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Chapter 27

Chapter 10

A SUCCESSOR


Some of the Reverend Frank Milvey's brethren had found
themselves exceedingly uncomfortable in their minds, because
they were required to bury the dead too hopefully. But, the
Reverend Frank, inclining to the belief that they were required to
do one or two other things (say out of nine-and-thirty) calculated
to trouble their consciences rather more if they would think as
much about them, held his peace.

Indeed, the Reverend Frank Milvey was a forbearing man, who
noticed many sad warps and blights in the vineyard wherein he
worked, and did not profess that they made him savagely wise.
He only learned that the more he himself knew, in his little limited
human way, the better he could distantly imagine what
Omniscience might know.

Wherefore, if the Reverend Frank had had to read the words that
troubled some of his brethren, and profitably touched innumerable
hearts, in a worse case than Johnny's, he would have done so out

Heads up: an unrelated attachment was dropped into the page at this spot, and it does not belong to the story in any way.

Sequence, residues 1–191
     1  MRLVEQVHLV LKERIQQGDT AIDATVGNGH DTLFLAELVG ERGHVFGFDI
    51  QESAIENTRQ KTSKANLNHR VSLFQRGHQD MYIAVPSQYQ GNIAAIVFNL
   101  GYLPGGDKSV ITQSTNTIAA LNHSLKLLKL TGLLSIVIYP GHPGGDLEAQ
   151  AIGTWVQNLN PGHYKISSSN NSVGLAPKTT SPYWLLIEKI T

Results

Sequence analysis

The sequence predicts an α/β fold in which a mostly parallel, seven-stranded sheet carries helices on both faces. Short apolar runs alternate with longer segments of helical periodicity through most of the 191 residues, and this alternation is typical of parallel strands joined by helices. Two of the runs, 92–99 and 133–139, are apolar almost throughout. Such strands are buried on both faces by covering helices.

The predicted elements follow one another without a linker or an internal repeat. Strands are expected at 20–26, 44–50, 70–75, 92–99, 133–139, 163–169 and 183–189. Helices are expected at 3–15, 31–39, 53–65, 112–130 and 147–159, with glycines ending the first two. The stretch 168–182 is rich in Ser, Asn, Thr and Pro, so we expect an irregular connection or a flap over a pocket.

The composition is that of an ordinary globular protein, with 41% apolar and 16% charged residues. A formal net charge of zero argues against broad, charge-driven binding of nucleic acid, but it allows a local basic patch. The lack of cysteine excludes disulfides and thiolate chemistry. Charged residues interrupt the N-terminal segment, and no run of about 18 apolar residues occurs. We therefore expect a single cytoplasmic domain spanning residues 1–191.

of the pity and humility of his soul. Reading them over Johnny, he
thought of his own six children, but not of his poverty, and read
them with dimmed eyes. And very seriously did he and his bright
little wife, who had been listening, look down into the small grave
and walk home arm-in-arm.

There was grief in the aristocratic house, and there was joy in the
Bower. Mr Wegg argued, if an orphan were wanted, was he not
an orphan himself; and could a better be desired? And why go
beating about Brentford bushes, seeking orphans forsooth who
had established no claims upon you and made no sacrifices for
you, when here was an orphan ready to your hand who had given
up in your cause, Miss Elizabeth, Master George, Aunt Jane, and
Uncle Parker?

Mr Wegg chuckled, consequently, when he heard the tidings.
Nay, it was afterwards affirmed by a witness who shall at present
be nameless, that in the seclusion of the Bower he poked out his
wooden leg, in the stage-ballet manner, and executed a taunting or
triumphant pirouette on the genuine leg remaining to him.

John Rokesmith's manner towards Mrs Boffin at this time, was
more the manner of a young man towards a mother, than that of a
Secretary towards his employer's wife. It had always been marked
by a subdued affectionate deference that seemed to have sprung